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Ash Wednesday    by Ethan Hawke order for
Ash Wednesday
by Ethan Hawke
Order:  USA  Can
Vintage, 2003 (2002)
Hardcover, Paperback, Audio, e-Book

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* * *   Reviewed by David Pitt

Lots of actors write novels. Most of them are, at best, mediocre - the kind of thing no publisher in his right mind would buy, if there weren't a big name attached to it. Ethan Hawke's first novel, on the other hand, The Hottest State, was well written and charming, a nice variation on one of the more traditional literary themes: boy meets girl, boy loses girl, and so on. I was immensely impressed by the novel.

Ash Wednesday, Hawke's second novel, is also impressive - because he's shown that not only can he write, but he can write different stuff. Although this novel is cosmetically similar to The Hottest State (it's a love story featuring a couple of offbeat young people), it is, if you don't mind a lit-crit term, tonally different. It isn't as introspective as State; it's not quite as gentle (although State wasn't exactly a fluffy bunny). Its characters are harsher, its dialogue more hard-edged, its atmosphere less refined.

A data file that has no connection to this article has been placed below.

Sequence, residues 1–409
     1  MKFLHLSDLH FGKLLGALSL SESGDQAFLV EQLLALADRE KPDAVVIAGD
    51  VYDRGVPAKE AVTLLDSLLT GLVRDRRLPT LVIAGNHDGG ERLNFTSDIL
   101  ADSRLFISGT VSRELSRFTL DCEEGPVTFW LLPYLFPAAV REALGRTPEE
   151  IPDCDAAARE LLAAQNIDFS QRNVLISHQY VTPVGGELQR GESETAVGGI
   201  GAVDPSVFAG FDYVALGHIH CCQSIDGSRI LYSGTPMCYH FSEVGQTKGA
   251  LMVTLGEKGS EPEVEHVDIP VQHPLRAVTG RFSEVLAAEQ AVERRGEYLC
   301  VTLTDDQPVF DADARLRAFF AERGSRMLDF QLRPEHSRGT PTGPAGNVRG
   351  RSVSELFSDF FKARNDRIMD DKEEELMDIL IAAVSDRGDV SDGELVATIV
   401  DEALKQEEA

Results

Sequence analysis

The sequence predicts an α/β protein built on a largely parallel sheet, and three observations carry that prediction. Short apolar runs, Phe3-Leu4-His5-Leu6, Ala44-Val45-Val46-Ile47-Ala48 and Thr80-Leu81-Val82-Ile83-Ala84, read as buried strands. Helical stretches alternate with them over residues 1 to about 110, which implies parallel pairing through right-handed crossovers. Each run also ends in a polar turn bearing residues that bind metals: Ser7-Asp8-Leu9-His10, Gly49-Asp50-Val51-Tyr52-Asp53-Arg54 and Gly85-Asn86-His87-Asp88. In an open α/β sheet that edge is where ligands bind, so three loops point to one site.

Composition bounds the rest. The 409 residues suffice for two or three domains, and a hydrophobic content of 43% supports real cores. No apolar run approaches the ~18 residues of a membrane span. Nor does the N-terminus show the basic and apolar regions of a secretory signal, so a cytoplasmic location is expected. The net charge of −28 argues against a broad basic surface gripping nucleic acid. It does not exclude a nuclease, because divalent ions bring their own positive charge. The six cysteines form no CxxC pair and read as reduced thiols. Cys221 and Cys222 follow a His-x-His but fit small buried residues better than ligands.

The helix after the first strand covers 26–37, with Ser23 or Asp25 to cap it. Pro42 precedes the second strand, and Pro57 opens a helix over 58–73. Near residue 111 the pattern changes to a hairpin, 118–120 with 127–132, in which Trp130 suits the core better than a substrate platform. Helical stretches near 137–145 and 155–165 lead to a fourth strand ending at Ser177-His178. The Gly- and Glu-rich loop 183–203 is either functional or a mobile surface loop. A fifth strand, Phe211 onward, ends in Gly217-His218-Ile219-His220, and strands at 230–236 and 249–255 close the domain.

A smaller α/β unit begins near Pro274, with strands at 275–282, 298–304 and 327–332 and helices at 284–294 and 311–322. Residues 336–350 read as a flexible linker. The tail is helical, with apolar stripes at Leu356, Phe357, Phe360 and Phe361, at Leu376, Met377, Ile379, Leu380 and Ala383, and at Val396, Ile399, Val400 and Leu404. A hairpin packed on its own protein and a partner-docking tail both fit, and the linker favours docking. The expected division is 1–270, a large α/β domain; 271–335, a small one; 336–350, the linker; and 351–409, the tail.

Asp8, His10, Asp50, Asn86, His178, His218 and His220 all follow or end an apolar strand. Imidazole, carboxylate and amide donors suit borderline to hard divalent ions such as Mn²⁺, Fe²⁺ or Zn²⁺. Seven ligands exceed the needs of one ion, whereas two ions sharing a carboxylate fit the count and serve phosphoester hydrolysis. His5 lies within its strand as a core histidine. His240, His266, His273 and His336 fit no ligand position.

It's also geographically different, larger. While The Hottest State kept its characters in the same general area, like a stage play with only a couple of sets, Ash Wednesday sends them off on the road, puts them in a car and launches them on a cross-country trip, a literal and metaphorical voyage of discovery. This novel isn't just good-for-an-actor good; it's good, period. After nearly two decades as an actor (he made his debut in the mid-1980s in Explorers, a fine Joe Dante film), Hawke has finally been nominated for an Academy Award. If he keeps writing novels this well, it won't take him than long to get nominated for some literary awards.

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